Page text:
The stories we share have common themes—human fallibility, human relationships, human triumphs. It picks me up to read a fellow blogger’s account of the birth of a child, the birth of a book, or the start of an exciting new adventure. I remember—or I can imagine—the feelings of exhilaration.

I can relate to frustration too, when I read a post about feeling stuck, being unable to move forward, and not knowing why. Deep chords chime when I encounter someone’s account of the excitement of their first professional job; they also chime when people write of loss.

And sometimes I have to laugh out loud when I read about the string of disasters, told in a funny, self-deprecating style, that one person’s bad day can bring. “I know!” I think. “I know exactly what you mean!” Suddenly, my own disastrous day doesn’t seem that bad at all.

So reading other people’s personal essays reinforces what I feel and what I know. It makes me realize my reactions are shared. In the dark times, the reading reminds me I am not alone in inhabiting the darkness.

Reading personal blogs stretches me, too. I doubt I’ll ever see a jaguar in the wild, but I can read Josh’s blog and imagine what that’s like. I can understand, too, the value those magnificent cats add to our world, and why it would be disastrous to watch that species disappear. I can gain empathy with a young woman struggling with mental illness and the challenges and joys of parenting a toddler. I can learn what it’s like to be a student in India, a young wife in Paris, a single woman of a certain age in the United Kingdom.

People who struggle with serious illness. People on the autism spectrum. Scientists and mathematicians, expert knitters, clergypeople. People with lives as different from mine as…hmmm: as vinegar is from snowballs. And yet.

And yet their words sing off the pages, teach me, stretch my boundaries, make me realize the vastness and the beauty and the infinite richness of the human spirit.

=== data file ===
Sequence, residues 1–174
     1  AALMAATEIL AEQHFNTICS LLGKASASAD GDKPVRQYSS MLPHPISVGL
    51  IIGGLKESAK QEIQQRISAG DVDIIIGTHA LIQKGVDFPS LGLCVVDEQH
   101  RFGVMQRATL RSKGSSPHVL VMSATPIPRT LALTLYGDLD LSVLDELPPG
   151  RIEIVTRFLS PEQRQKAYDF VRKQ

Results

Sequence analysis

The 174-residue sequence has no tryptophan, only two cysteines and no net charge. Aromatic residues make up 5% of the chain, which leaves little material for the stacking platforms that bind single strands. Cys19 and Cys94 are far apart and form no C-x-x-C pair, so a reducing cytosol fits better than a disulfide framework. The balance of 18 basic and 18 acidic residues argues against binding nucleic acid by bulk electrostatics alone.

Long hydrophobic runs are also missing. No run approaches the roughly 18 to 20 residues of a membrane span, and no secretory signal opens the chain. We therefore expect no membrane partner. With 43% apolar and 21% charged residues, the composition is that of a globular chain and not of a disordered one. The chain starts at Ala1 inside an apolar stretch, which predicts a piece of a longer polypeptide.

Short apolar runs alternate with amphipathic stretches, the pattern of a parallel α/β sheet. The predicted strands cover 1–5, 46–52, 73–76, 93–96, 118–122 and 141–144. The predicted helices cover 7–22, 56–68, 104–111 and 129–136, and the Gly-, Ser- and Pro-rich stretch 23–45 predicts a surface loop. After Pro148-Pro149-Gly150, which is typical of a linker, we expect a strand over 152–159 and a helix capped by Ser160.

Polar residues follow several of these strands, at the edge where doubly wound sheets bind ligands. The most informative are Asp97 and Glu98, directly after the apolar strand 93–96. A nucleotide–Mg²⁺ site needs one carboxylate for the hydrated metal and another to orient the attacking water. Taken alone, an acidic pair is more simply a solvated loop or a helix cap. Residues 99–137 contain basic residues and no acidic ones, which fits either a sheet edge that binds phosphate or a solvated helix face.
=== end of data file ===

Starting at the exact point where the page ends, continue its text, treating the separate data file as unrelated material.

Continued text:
One of the absolute requisites of a compelling personal essay, Phillip Lopate tells us in the introduction to The Art of the Personal Essay, is this: honesty. When we read about another’s life, and when they tell their story with transparency and without defenses, we are moved and we connect.

Most certainly, there is always a little bit of self-belief involved. We are pretty sure we have something interesting to say, or that what we’ve just encountered is something others may be interested in. We think we can tell the story in a way that engages. And what’s wrong with that? That is not vanity; it’s confidence and recognition. The writer is telling her own story, sure, but she’s thinking of the reader and reaching out to connect. He’s writing to share, not to boast or to pontificate.

Of course, there’s always the danger we might stumble on a blogger whose motive is just to let us know how supremely wonderful she is, or why he is a gift to the world. I confess to not having found those blogs, but if I did, there’s nothing that would compel me to keep reading them.

Instead, I will continue to read the wonderful blogs I’ve encountered—to watch the snow outside my window and then read about a blogging friend slogging through a tropical rainstorm, to contemplate the church I think I will probably attend while reading about the richness of another religion, the purity of a blogging friend’s belief. I’ll learn about birds and baking and loneliness and the rigors of raising a family of eight. My cultural knowledge will expand. I’ll remember what it was like to be terrified and 18, and I’ll read the book blog of an octogenarian buddy and know I have great things to look forward to. I’ll realize how things have changed, and I’ll appreciate what’s stayed the same, and I’ll contemplate the richness of our tapestried world..

So let Daisy avoid the blogosphere. I’ll keep my Saturday morning dates, and I’ll look forward to exploring the posts our blogging friends share. Maybe I’ll find a new recipe, learn something fascinating, or be moved to tears or shaken into laughter. Maybe I’ll connect with someone who becomes a lifelong blogging friend. Maybe all of those will happen in one reading, and it will be because someone had the courage to write a personal essay and put it out there in the blogosphere.

So let’s keep sharing our essays. Happy blogging, my friends!